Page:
5 min read 9 Sep 21
Summary: Risk assets gained ground in August as government bonds marginally weakened on tapering concerns. Where to now for central banks, and what will investors be looking out for? Investment Specialist, Kirsty Clark reviews recent market performance and central bank action.
Equity markets rallied in August, reaching new highs, as a raft of welcome earnings results and a broadly dovish tone from the Fed offset nervousness around the prospect of monetary policy tightening and ongoing COVID-19 Delta variant concerns. Over the month as a whole, the MSCI AC World Index finished the month up 2.5% in US dollar terms.
Source: Refinitiv DataStream, 31 August 2021. Total Returns in USD.
After a challenging July, emerging market equities bounced back in the second half of August to deliver monthly gains in line with developed market equities. Despite the outperformance of UK and European small caps, large caps marginally outperformed their small caps counterparts globally as outsized gains from US large caps skewed aggregate returns. In terms of style, global growth continued to outperform global value in August, but value names remain ahead year-to-date.
All major regional equity markets delivered positive returns in August. As jitters around China’s regulatory crackdown eased, Chinese A shares rallied as investors took advantage of the recent drawdowns. Meanwhile, US tech stocks benefited from positive earnings results, with the tech-heavy NASDAQ indices leading the gains. Japanese equities also posted solid gains in August, with a robust corporate sector offsetting political uncertainty and rising COVID-19 infections. In the UK, small- and mid-cap stocks outperformed FTSE 100 large cap names. Equity returns in Europe and Asia ex Japan lagged the wider market, impacted to some extent by concerns about the spread of the COVID-19 Delta variant and slowing growth in China. However, both regions managed to secure positive returns overall.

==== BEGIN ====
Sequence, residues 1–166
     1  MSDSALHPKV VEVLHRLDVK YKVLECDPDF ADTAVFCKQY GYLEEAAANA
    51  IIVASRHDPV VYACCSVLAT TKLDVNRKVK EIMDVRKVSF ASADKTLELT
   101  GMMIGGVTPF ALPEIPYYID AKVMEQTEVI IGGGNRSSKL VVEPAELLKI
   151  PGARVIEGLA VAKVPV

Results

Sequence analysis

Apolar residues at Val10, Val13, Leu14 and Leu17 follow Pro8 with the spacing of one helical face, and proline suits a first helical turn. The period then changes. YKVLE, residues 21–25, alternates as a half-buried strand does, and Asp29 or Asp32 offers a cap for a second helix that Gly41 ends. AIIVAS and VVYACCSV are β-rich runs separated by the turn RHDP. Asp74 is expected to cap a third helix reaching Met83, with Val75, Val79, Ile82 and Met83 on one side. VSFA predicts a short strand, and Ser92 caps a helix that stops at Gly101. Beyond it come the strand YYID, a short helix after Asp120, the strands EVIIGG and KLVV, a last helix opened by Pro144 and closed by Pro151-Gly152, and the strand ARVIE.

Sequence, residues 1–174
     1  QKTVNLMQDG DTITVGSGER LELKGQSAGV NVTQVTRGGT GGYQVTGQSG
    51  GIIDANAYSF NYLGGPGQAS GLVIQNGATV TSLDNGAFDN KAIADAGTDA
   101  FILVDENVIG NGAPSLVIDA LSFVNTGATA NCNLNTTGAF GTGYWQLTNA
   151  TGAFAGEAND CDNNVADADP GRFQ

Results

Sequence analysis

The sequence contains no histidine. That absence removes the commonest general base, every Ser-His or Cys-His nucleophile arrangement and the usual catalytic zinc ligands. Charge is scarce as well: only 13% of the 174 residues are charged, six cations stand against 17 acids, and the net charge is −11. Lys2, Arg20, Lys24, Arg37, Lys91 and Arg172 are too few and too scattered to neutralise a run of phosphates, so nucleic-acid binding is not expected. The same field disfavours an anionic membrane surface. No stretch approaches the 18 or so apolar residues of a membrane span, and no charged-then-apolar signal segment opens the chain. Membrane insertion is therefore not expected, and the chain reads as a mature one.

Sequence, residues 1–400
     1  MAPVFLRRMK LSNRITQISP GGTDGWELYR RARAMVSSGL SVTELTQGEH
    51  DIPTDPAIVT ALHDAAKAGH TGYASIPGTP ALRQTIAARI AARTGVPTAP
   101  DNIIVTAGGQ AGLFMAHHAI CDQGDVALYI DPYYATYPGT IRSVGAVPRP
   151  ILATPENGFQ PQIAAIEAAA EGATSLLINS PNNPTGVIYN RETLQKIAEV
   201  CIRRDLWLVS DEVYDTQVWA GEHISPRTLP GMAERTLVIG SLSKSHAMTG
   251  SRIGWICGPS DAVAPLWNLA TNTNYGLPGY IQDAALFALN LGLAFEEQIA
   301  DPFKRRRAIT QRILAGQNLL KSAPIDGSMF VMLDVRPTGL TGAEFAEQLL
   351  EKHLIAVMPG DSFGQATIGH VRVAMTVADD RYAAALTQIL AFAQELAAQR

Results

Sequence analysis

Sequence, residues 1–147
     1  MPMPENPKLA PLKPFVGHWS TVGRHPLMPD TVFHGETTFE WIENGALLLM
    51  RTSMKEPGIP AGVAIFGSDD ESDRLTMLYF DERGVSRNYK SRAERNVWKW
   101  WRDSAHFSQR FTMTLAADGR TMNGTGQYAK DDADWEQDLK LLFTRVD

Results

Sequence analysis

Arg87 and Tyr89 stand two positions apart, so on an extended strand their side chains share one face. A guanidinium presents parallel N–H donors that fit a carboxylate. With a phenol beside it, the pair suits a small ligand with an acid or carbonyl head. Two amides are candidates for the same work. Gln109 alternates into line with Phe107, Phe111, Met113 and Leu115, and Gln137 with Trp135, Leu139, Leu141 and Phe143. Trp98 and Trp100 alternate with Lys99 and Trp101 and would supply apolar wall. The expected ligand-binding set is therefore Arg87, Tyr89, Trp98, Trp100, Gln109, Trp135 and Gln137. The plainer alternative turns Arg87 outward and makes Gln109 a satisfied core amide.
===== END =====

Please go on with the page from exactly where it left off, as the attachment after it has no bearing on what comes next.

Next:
In commodities, softer demand sent Brent crude to near $65/barrel in the month, before it recovered ground to finish around $72/barrel. It remains up around 40% year to date. Gold finished relatively flat in August after a strong July, while the US dollar marginally strengthened against a basket of currencies.
Government bonds sold off in August. US treasuries finished marginally down after better-than-expected non-farm payrolls and due to some nervousness around a potential announcement on asset purchase tapering in the run up to Fed Chair Jerome Powell’s Jackson Hole speech. While signalling a likely reduction in bond purchases before year end, Chair Powell struck a fairly dovish tone overall, stating that while ‘substantial further progress’ has been made on the central bank’s goals, any interest rate hikes would be subject to more stringent hurdles around maximum employment and labour market stability.
German bunds declined on tapering concerns after higher energy costs and supply-chain bottlenecks drove year-on-year eurozone inflation to its highest level in almost a decade, with harmonised CPI sitting at 3% in August – up from 2.2% in July. UK gilts also sold off in the final week of August, following a rise in yields earlier in the month after the Bank of England’s Governor Bailey set out the central bank’s roadmap for ‘modest’ quantitative tightening.